Novak Djokovic is the top seed, followed by Jannik Sinner, Carlos Alcaraz, Alexander Zverev, Daniil Medvedev, Andrey Rublev, Casper Ruud and Hubert Hurkacz

Can anybody stop Swiatek doing a three-peat?

Top seed Swiatek has talked about how Nadal is her idol and the 22-year-old Pole is fast becoming as dominant on clay as he was in his early career.

Swiatek is bidding for a fourth French Open title in five years, having won 28 of her 30 matches there.

Her four titles this season have included back-to-back triumphs on the Madrid and Rome clay. Continuing that streak in Paris would make her the second woman after Serena Williams in 2013 to win all three tournaments.

So who could stop her?

Australian Open champion Aryna Sabalenka reached the semi-finals last year, but the Belarusian's defeats in the Madrid and Rome finals show she has not yet mastered challenging Swiatek on her favoured surface.

American third seed Coco Gauff is also figuring out how to break down Swiatek's game, losing their Rome semi-final for a 10th defeat in 11 meetings.

Soon-to-be-retiring Danielle Collins is producing the best run of her career and will be dangerous - she reached the final of the Strasbourg Open on Saturday though lost out to Madison Keys.

Last year's runner-up Karolina Muchova is out with a wrist injury.

Iga Swiatek leads the women's seeds at the 2024 French Open, followed by Aryna Sabalenka, Coco Gauff, Elena Rybakina, Marketa Vondrousova, Maria Sakkari, Zheng Qinwen and Ons JabeurIMAGE SOURCE,GETTY IMAGES

Boulter leads the British challenge

Katie Boulter celebratesIMAGE SOURCE,GETTY IMAGES
Image caption,

Katie Boulter is seeded 26th and faces former world number two Paula Badosa in the first round



British success at the French Open has been scarce, with only one singles champion - Sue Barker in 1976 - since the Open era began in 1968.

Katie Boulter is Britain's highest-ranked player at 28th in the world, but has little pedigree on clay and plays in the French Open draw for the first time.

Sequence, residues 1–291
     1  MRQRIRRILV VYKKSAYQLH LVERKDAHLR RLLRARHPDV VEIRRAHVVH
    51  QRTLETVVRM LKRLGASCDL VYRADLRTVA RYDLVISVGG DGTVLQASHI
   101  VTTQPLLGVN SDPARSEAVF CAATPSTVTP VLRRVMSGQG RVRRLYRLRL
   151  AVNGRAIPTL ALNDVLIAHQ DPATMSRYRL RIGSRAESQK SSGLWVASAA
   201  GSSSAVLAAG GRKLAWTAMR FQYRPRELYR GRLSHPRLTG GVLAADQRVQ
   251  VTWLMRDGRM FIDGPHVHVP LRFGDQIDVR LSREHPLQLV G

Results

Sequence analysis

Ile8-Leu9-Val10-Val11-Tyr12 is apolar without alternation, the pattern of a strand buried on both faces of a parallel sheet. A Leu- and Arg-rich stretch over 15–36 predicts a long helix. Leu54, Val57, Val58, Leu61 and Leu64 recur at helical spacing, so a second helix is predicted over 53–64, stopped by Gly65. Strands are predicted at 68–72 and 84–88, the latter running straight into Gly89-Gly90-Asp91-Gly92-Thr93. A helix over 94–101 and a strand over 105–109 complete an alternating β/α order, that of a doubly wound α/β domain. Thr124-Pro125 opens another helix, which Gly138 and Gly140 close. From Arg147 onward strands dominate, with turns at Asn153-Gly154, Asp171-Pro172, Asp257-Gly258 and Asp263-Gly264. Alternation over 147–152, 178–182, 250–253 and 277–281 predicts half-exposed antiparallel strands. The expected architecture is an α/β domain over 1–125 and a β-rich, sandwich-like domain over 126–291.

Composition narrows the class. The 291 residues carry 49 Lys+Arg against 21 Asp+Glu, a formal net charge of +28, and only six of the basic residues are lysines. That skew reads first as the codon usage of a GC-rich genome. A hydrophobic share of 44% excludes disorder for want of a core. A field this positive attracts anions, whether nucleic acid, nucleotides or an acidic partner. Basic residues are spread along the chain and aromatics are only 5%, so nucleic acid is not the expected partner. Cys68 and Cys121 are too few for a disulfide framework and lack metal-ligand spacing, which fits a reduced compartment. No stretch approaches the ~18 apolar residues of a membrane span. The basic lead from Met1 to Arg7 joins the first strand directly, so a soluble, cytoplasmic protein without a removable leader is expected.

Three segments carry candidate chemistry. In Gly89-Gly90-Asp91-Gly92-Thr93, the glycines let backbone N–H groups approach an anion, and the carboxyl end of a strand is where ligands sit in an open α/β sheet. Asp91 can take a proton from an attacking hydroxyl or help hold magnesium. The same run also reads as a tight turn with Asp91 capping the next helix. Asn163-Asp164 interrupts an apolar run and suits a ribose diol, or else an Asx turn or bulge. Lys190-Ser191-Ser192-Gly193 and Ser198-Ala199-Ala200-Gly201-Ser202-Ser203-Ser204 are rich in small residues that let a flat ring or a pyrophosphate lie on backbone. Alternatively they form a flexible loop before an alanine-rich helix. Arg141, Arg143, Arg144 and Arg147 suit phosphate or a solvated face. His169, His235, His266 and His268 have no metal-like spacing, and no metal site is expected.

Emma Raducanu's decision to not try to qualify leaves Harriet Dart as the only other British woman in the main draw.

On the men's side, Murray is joined by Cameron Norrie, Jack Draper and Dan Evans.

Given their tough draws, injuries and recent form, any of the six Britons reaching the second week would be considered a decent showing.

Zverev court case to start during tournament

With the men's singles looking unpredictable, it could be Zverev's time to land the Grand Slam title his talent has long promised.

However, the 27-year-old German's performances at Roland Garros will play out alongside a trial over domestic violence charges.

In November, Zverev was given a penalty order and fined after being accused of physically abusing his ex-girlfriend.

Zverev denies the charges and has lodged an objection against the order, meaning he remains legally innocent and is not convicted until a final ruling.

The hearing, which starts on 31 May, is expected to be an eight-day public trial in front of a single judge. Zverev does not have to appear in person.

Asked in his pre-tournament news conference if the case has affected his preparation, Zverev said: "Not at all. At the end of the day, I do believe in the German system.

"That's why I can play calmly, and I think my results have been showing it."